Isn’t it beautiful that dream of space exploration?
That drive of the human race to reaching other worlds and to colonising them? Isn’t it charged with an ineffable light of wisdom and confidence in the progress-driven fanfare of our civilisation?
No, it’s not. Conquering the space now would only replicate the European history of colonising other continents. Now, as we look back, the history of colonisation was a complete disaster for the native populations and their cultures. Bloody massacres, cultural annihilation, blunt theft of their resources and treasures.
The advances of Western moral philosophy and democratic values have proven themselves a mere myth: our permanent encounters with otherness here on this planet proves that we are unable to have a proper management of our pathologic, self-destructive dispositions. The pretext of spreading one’s values through colonisation and war entails without exception a self-deceptive mindset, starting with the spaniards who colonised America and ending with the US war against the Saddam Hussein’s totalitarian regime, both of which having proved themselves completely wrong, imoral, bloody, and useless, as the only things they managed to export were chaos and destruction.
But does that have anything to do with colonising other planets? It certainly does, because it shows us that this is the self-portrait of humanity that we have painted. That’s just how the human race is; we don’t have another one, in spite of our ideals, myths, fictions, or claimed good intentions.
How exactly would we go into space? We would privatise and contractualise outer space; corporations would start exploiting resources, governments would begin claiming territories, new wars of domination would start either with alien races or among humans.
Humans have demonstrated monumental abilities in destroying their environment, in being dreadfully inhuman towards their fellow beings, in permitting millions of people to starve while wasting 30% of the food they produce (or deliberately destroying it in order to keep the level of prices), in treating other beings (eg, chicken, cows, or pigs) with contempt, cruelty, or sheer negligence, in destroying the balance of nature through deforestation, reckless exploitation of the planet’s resources, unrefrained pollution of the air, land, and waters. And now we dream of stepping onto the next level, that is, of repeating these stories on other planets.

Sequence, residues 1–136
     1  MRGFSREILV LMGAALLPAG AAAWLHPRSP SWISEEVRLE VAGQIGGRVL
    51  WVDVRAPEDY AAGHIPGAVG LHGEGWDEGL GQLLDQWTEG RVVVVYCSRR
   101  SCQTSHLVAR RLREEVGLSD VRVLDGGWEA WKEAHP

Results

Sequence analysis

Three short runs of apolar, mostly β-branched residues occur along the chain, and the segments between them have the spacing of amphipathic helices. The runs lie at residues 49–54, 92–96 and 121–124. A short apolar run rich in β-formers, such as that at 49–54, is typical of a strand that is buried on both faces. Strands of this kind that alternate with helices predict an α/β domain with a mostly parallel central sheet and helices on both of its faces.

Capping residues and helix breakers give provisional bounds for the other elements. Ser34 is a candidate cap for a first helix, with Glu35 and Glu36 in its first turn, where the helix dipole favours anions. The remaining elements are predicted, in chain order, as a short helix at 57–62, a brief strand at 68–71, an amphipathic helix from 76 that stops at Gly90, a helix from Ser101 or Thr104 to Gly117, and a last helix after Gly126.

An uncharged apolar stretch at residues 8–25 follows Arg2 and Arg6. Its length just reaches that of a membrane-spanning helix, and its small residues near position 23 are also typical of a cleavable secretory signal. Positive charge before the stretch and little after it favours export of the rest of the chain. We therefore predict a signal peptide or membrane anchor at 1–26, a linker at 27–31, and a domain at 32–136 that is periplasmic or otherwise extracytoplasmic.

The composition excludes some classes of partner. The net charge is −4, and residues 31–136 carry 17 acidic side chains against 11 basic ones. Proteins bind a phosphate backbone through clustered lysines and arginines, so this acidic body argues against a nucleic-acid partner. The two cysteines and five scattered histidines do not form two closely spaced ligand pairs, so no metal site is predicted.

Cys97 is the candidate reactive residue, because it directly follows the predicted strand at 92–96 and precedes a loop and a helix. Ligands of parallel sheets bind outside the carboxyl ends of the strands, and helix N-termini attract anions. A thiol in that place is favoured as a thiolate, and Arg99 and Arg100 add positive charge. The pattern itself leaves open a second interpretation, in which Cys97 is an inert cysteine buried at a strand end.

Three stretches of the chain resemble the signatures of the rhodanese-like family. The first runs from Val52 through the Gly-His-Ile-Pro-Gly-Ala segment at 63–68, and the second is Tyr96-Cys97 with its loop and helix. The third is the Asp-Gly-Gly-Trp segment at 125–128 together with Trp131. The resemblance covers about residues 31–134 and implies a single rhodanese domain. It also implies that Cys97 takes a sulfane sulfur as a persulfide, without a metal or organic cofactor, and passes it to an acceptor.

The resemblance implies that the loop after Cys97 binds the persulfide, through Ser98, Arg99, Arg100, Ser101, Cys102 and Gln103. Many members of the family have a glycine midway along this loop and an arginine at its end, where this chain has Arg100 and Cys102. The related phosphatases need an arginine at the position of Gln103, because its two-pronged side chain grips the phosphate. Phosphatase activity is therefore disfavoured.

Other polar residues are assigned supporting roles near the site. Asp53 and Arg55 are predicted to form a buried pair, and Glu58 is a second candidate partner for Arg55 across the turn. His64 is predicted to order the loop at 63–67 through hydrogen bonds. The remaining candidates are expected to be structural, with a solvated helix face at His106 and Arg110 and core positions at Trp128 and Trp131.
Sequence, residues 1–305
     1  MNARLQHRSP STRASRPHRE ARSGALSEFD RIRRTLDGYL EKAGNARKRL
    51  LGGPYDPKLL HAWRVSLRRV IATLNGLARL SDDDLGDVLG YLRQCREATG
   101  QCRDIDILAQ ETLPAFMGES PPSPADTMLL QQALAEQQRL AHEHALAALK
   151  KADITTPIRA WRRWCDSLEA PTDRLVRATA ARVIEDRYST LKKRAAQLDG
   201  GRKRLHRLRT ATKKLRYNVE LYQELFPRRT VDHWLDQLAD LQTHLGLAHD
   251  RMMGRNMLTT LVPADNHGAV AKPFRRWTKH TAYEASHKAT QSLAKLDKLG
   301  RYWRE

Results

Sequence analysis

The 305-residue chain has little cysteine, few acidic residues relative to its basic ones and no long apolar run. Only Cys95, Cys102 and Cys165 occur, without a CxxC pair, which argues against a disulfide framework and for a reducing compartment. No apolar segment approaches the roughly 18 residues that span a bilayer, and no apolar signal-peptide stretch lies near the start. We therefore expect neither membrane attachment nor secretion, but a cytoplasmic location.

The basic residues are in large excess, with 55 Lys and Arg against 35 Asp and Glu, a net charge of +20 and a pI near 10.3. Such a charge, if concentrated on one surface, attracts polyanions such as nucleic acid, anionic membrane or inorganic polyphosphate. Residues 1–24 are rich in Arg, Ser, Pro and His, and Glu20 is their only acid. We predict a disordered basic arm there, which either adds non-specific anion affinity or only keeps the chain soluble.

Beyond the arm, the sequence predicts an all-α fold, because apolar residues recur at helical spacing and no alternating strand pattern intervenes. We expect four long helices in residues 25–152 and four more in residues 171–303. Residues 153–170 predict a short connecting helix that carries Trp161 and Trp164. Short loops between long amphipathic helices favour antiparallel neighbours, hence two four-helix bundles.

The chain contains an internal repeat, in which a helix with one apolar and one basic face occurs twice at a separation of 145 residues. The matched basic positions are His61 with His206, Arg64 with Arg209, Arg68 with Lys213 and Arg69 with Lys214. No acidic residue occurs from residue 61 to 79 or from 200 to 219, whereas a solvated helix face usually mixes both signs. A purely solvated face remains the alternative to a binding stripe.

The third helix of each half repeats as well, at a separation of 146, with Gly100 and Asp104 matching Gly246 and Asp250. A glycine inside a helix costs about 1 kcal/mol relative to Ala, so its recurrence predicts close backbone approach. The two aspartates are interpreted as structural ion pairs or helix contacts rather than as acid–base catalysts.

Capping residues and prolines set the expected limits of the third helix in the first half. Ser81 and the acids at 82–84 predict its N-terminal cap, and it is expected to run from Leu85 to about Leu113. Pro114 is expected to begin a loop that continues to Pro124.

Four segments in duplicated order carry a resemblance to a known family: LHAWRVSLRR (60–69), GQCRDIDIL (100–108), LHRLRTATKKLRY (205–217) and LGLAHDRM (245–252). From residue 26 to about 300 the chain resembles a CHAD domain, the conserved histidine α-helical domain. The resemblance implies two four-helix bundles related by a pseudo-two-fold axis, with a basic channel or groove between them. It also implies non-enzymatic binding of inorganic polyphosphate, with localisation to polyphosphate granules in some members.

As long as these flaws of humanity are here with us, we have no moral legitimacy of even dreaming of stretching our civilisation beyond the limits of planet Earth. We might have the right of dreaming of it only when we’ll rediscover a set of basic values that many of the populations that we moderns call primitive have known and practised for millenia:
- that resources are out there for us as precious gifts, which are to be cherished and used judicially, not as fields of prey that are to be rapaciously vandalised an devoured;
- that life is valuable in itself unconditionally and is to be cared for, protected, and treated with reverence, not as an expendable good;
- that our actions, deeds, histories, and achievements, if they are to be measured at all, they ought to be measured by the amount of love that we’ve put into them, not by the amount of money we’ve spent or by the amount of power we’ve used to carry them out.
We humans are a most arrogant species. If this planet slowly turns unable to supporting our civilisation, it does not mean that we have the right to abandon it like a shipwreck and seek other worlds to inhabit and consume, only to throw them into the bin again. If this planet is slowly (or quickly) turning into a garbage bin, it simply means that our civilisation is moving downhill, in spite of the illusion of progress that our constantly evolving technologies inebriate us with.
We’re the bad guys in our own story, and we should start with acknowledging what we are and where we stand. Unless we wake up, we are to sleepwalk into self-destruction. Other planets are very far away, and they must stay like that until we become the good guys.